THOUSANDS of key workers in Swindon who are non-British residents may not be able to work in the UK after the government's new immigration system starts.

Office for National Statistics figures reveal that out of the 34,400 key workers estimated to be in employment in Swindon in 2017-19, 5,700 (17 per cent) of them do not have British nationality.

The figures do not include those born outside the UK who later became British citizens.

Of the 20,200 non-British workers estimated to be in employment in Swindon, 28 per cent worked in sectors deemed essential by the government, such as health and social care, education, food production, transport and other public services.

The GMB union warned that a points-based immigration system which is due to be introduced in January could leave the UK desperately short of key workers.

According to researchers at Oxford University, many key workers will not qualify for a work visa.

The Home Office says the planned post-Brexit immigration is a fairer scheme to attract people with the skills needed in the country. But GMB warned that many migrant workers have already left the UK.

GMB national secretary Rehana Azam said: "Health and social care, for example, rely heavily on workers from abroad. We have huge numbers of vacancies and the current workforce is already under incredible pressure.

"The immigration bill doesn't even reference key workers and has capped salaries of workers to such an extent that care workers we desperately need won't earn enough to meet the threshold.

"Unless it undergoes radical reform, the immigration bill in its current guise will leave the UK desperately short of key workers."

Out of 113,300 total people working in the Swindon area, 30 per cent are key workers. Across the UK about 10 per cent of the country's 10.5 million key workers are non-British.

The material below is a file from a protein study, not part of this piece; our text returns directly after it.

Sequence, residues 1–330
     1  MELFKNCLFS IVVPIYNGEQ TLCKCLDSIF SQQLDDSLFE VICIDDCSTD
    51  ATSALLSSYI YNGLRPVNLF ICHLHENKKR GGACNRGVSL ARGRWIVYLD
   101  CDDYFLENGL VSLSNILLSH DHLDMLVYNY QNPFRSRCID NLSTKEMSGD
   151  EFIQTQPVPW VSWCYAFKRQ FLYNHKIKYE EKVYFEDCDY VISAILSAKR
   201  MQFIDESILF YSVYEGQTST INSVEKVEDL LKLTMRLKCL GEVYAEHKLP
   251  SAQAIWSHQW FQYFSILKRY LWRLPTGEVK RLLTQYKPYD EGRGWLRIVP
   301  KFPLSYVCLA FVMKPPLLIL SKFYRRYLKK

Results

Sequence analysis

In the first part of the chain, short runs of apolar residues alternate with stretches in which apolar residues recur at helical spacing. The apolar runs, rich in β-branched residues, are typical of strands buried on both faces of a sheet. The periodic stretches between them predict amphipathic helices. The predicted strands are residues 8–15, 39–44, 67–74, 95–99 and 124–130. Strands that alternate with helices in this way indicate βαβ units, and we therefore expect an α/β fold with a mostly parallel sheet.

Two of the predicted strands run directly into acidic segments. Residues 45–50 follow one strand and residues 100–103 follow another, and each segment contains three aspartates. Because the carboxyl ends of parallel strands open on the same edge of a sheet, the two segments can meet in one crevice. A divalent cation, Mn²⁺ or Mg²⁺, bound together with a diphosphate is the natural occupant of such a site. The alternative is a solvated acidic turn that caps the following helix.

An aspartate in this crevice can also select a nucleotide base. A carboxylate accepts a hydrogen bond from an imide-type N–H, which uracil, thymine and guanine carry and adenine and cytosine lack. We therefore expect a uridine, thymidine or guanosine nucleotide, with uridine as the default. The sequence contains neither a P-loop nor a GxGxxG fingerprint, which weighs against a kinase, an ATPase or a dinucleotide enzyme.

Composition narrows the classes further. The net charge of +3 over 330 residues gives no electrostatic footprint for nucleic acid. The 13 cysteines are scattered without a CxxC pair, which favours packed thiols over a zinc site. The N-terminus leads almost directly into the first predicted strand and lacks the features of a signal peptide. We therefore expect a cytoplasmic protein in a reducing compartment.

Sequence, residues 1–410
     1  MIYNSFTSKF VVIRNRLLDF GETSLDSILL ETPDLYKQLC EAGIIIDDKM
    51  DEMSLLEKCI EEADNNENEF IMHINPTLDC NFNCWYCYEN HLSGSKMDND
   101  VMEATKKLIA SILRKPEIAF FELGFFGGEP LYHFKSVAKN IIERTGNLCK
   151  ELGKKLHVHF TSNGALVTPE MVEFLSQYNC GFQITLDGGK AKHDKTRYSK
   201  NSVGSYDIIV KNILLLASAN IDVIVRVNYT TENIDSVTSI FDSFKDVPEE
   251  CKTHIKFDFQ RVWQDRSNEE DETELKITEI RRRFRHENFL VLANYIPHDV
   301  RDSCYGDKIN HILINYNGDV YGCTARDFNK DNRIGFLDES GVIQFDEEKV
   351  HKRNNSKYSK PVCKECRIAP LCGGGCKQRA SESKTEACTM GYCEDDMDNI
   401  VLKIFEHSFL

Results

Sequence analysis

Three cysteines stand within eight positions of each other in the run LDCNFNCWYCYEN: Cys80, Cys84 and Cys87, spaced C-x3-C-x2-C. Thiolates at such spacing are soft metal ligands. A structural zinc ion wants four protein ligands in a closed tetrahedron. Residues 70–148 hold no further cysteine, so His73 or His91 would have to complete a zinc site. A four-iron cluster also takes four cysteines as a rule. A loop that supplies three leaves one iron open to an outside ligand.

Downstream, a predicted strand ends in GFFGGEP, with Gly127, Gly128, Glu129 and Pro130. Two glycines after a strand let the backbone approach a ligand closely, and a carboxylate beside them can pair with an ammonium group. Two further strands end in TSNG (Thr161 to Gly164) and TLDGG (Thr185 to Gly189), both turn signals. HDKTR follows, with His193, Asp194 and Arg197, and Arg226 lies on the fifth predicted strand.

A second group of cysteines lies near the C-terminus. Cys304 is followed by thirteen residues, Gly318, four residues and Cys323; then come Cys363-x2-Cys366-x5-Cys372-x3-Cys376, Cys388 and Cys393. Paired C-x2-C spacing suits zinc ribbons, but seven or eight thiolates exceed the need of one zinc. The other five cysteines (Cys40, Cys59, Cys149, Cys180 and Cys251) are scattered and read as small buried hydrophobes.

The Migration Observatory senior researcher Mariña Fernández-Reino said that while some key roles are included in the government’s shortage occupation list, high costs and bureaucracy may make the UK less attractive for EU workers.

She added: “A large share of key workers will not qualify for a work visa in the new immigration policy. For example, social care workers or factory workers in food manufacturing are considered low-skilled and hence do not qualify for a work visa.

“In the short term, there might be some shortages in specific sectors because it will be more difficult for employers to hire EU workers."

A spokesman for the Home Office said: “The government is committed to delivering a firmer, fairer, points-based immigration system, based on the skills people have and not where they come from.

“We have removed the Resident Labour Market Test to make it easier for employers to sponsor workers and suspended the cap on skilled migrants.

“We are introducing special schemes to enable more scientists, academics, investors, entrepreneurs, and health and care workers to come to the UK easily, so that we can work with sectors to fill roles quickly where shortages may occur."